When you are leading any type of ministry, you have to continually address problems that creep up from week to week. Sometimes it’s a resource problem, and sometimes it boils down to a broken system. Often the hardest problems to confront are people problems, and when they are supposed to be in leadership on your team as a volunteer, the stakes get even higher. Not sure about you, but I tend to put off confronting people problems because I never enjoy conflict. It seems like a good option in the moment to just give problem volunteers more time so they can figure things out on their own, but more often than not that option just results in more dysfunction. If you are not careful, one problem volunteer can infect the rest of your team with dissatisfaction, confusion and frustration. When you have a volunteer who is off track, it is always best to confront the issue and help them get back on track or out of your ministry area. Here are a few principles that help when confronting a problem volunteer …
- Seek wisdom before confronting // Get a second opinion when you see a problem. It’s never a good idea to confront an issue when leading inside a vacuum. Get insight from your supervisor or another lead volunteer about what they see going on.
- Pray before you respond // Slow down, pray for that volunteer, and lay the issue before God and seek His wisdom. Leading people is always a challenge, and leading a dysfunctional volunteer can be even more daunting. Do not face the issue in your own strength.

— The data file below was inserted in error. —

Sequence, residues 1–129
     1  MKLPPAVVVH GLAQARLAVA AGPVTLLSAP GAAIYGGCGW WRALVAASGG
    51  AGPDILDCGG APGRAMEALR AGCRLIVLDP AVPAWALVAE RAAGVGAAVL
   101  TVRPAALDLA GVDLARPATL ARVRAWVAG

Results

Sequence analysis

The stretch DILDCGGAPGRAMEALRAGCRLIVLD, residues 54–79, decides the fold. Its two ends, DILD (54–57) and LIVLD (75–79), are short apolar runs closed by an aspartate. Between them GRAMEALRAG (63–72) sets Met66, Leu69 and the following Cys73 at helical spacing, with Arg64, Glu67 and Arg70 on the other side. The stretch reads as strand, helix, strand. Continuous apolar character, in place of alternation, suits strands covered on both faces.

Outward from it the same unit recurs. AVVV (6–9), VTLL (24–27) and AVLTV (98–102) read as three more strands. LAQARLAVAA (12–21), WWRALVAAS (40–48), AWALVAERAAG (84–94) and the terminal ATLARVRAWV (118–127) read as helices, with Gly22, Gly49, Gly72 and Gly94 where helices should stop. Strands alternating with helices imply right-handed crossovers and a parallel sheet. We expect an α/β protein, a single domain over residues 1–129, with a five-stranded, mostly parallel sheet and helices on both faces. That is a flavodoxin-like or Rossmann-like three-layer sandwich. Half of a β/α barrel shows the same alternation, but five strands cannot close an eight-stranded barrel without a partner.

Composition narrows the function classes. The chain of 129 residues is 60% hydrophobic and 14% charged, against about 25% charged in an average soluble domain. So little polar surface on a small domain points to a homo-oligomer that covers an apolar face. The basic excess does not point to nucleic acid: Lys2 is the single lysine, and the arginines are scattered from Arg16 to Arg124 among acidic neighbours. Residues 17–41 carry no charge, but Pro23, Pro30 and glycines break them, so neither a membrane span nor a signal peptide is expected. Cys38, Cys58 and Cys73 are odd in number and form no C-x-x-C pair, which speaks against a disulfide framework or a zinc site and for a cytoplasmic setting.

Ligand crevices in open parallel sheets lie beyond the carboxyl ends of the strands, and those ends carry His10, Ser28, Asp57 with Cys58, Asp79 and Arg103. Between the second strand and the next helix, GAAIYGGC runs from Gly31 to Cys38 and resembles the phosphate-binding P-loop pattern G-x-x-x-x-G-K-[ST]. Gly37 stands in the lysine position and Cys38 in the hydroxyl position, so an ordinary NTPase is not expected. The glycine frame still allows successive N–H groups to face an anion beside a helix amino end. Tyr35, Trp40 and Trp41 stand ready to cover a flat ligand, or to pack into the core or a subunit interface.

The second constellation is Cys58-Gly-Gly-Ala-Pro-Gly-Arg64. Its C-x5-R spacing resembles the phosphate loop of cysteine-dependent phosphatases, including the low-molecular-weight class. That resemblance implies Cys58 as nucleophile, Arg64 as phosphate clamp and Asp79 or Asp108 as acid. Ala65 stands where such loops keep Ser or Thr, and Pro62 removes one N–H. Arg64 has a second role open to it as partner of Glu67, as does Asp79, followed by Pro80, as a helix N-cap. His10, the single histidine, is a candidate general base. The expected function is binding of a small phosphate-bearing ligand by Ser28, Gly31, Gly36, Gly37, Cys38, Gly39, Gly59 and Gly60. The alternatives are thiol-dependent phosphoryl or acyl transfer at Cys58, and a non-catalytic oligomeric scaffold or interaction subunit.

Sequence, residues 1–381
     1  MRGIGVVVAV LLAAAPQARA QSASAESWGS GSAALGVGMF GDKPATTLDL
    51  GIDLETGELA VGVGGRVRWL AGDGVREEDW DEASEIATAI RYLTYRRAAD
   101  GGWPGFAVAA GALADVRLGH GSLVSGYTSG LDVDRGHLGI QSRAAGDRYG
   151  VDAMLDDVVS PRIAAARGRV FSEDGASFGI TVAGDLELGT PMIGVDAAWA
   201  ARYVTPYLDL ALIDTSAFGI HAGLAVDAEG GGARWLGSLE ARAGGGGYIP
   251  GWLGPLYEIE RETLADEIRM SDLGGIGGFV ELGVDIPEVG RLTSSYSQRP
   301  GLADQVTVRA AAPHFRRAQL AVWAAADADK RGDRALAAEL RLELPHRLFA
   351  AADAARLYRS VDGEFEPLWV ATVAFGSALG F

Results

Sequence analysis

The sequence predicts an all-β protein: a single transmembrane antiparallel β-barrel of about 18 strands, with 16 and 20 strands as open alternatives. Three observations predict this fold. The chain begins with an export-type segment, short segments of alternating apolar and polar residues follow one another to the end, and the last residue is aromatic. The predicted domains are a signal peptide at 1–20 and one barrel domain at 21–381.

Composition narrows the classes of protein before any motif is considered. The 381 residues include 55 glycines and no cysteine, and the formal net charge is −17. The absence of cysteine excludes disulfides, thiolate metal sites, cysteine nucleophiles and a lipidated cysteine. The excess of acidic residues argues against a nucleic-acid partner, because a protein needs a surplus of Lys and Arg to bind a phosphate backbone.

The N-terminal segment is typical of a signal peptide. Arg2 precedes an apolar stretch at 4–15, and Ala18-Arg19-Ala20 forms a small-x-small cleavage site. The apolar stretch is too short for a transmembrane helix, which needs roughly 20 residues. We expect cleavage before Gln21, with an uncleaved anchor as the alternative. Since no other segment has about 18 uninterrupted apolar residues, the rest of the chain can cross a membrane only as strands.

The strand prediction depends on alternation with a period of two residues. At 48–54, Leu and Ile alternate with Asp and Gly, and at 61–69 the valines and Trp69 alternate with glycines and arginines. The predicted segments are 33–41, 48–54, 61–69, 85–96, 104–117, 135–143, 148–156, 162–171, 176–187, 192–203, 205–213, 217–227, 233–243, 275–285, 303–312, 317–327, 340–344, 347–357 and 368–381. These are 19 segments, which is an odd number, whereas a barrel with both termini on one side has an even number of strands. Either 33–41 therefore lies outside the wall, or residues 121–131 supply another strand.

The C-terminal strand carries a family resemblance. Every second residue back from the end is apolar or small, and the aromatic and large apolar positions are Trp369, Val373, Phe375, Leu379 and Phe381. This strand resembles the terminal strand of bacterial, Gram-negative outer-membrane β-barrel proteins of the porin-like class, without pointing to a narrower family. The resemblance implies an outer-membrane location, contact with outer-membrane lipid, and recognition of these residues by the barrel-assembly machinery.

- Confront with courage and clear direction for a next step // Make sure you challenge a problem volunteer by speaking truth about what the issue is, but also make it super clear what the next step is for them. Confront with redemption in mind. People can improve if they are willing to listen, be flexible and learn.
- Be willing to allow problem volunteers to walk away // Always have the courage to let people walk who are not willing to fix the problem. As a leader you will have people walk away from your team when you set the standard. When a problem volunteer leaves, it just opens up a spot for a healthy team member to step up!
What are some steps you take when confronting a problem volunteer? Have you ever waited too long to confront, and how did that turn out in the end?